Commentary: In pre-school boost, parents are the missing critical players

Commentary: In pre-school boost, parents are the missing critical players

Singapore is doubling down on pre-school education and building up a core of pre-school teachers. NIE’s Nirmala Karuppiah argues that parents are also key to their children’s learning and development at this critical early stage.

SINGAPORE: Prime Minister Lee Hsien Loong announced during his National Day Rally speech on Sunday (Aug 20) that a National Institute of Early Childhood Development (NIEC) will be set up under the ambit of the existing National Institute of Education (NIE).

The new NIEC will consolidate the early childhood education training programmes conducted by the Institute of Technical Education, Ngee Ann and Temasek Polytechnics and SEED Institute for teachers, and develop new curricula for pre-schools including kindergartens and childcare centres.

In his speech, Mr Lee drew a comparison with how primary, secondary and junior college teachers are trained in NIE. He said:

Because teachers are trained well, paid well and have good career prospects, good people take up teaching and we have a good education system.

"We will take the same approach with pre-school teachers: Train them well, reward them well and attract good, passionate people,” he added.

Mr Lee also announced that the Government, through the Early Childhood Development Agency (ECDA), will provide training awards for students of the new NIEC. “The awards will cover fees plus an allowance, so pre-school teachers can make a strong start to their careers,” he said.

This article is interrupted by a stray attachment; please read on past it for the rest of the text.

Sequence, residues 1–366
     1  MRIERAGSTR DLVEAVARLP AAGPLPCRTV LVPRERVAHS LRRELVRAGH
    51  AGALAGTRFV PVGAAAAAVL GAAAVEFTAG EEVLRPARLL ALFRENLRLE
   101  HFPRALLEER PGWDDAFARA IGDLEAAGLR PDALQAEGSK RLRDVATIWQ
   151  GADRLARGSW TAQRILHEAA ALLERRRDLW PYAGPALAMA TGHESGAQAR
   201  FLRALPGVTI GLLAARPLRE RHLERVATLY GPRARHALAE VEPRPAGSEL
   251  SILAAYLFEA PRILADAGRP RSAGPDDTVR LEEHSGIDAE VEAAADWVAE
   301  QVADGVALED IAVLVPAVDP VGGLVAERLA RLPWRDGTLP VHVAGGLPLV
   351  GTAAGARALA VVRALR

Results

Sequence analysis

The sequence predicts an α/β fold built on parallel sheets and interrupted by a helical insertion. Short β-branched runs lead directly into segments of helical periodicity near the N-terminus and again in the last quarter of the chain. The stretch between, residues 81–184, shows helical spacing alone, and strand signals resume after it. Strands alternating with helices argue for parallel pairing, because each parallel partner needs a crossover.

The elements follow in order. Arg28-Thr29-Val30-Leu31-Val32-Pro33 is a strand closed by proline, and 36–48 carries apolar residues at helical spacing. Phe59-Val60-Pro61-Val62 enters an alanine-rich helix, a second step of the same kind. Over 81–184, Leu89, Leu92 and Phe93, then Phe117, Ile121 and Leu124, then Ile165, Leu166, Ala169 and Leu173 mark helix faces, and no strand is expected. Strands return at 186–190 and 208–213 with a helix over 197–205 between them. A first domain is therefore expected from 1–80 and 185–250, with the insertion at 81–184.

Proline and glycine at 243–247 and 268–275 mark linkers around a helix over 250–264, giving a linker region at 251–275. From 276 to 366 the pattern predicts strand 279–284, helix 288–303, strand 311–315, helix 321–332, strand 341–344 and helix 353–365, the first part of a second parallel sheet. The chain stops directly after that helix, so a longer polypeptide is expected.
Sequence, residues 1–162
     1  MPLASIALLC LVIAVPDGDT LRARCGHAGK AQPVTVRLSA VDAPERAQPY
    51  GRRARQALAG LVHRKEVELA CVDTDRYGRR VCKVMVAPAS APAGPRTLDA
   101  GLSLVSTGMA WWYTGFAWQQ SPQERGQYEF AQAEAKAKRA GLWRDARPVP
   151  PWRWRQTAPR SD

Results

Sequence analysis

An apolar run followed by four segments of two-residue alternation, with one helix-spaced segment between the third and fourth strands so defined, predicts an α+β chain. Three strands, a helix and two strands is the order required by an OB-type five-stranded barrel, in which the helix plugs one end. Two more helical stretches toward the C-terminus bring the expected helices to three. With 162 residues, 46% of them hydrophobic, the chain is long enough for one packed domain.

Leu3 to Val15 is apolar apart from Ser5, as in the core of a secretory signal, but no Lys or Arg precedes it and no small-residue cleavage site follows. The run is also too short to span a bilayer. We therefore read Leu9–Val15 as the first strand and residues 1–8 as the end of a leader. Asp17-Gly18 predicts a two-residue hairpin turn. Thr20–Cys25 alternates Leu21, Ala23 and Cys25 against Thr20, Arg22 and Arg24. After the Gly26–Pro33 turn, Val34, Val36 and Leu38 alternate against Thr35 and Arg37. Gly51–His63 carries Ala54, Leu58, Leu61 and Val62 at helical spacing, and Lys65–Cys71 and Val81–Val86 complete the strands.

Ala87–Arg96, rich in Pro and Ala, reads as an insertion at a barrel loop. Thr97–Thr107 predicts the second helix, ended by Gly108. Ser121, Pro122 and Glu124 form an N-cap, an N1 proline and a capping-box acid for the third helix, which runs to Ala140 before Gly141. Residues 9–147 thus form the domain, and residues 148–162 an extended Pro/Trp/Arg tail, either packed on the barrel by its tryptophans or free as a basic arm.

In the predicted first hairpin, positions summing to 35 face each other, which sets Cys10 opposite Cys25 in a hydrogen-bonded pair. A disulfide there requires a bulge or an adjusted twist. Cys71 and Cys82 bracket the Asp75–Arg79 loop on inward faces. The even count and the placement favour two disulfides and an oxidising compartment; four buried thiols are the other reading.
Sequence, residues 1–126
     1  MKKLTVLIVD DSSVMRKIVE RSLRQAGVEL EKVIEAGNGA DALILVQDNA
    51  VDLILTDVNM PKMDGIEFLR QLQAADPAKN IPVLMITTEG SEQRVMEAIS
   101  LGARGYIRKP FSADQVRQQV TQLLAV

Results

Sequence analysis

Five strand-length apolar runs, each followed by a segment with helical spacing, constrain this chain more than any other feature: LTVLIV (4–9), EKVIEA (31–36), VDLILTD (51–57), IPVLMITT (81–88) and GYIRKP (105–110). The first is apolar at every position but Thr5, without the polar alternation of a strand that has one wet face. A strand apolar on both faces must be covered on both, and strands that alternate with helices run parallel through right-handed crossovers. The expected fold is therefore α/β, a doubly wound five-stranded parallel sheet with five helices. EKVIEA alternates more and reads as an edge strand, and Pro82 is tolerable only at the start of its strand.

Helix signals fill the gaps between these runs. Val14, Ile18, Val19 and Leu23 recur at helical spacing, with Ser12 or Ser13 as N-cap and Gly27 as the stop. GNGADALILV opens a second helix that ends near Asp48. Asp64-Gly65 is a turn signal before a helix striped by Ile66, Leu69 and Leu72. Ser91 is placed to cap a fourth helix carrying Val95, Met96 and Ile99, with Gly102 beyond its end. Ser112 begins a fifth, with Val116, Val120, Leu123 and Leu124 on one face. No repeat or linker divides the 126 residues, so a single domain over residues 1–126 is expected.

Just yesterday, the Ministry of Education announced that the NIEC will take in its first batch of aspiring pre-school teachers in 2019


These moves are timely and crucial in improving and enhancing the quality of pre-school education in Singapore, through building a community of well-trained pre-school teachers.

NIE has raised cohorts of passionate and competent teachers who have in turn, ignited a love for learning in many of their students in primary and secondary schools, and junior colleges. Hence, the move to do the same with the pre-school sector is a welcome one. 

In the new NIEC, pre-school teachers can learn how to impart a love for learning among young children through designing quality pre-school programmes based on strong research, theory and practice.

There are indicators that determine quality programmes which result in positive learning outcomes for young children, though there is no one definition of quality in early childhood education. These include teacher-child ratios, group size, the planning of learning activities, teacher-child interactions, in addition to the qualifications, training and experience as well as cultural background, beliefs and values of teachers.

However, research indicates that the continuity between the home and pre-school as well as strong relationships between teachers and parents are just as important in supporting the care, learning and development of young children.

Warm, sensitive and responsive teacher-child interactions and teacher-parent relationships play a major role in determining the quality of care and education of young children.

MOE kindergarten
A teacher interacting with students at an MOE Kindergarten. (Photo: Ministry of Education)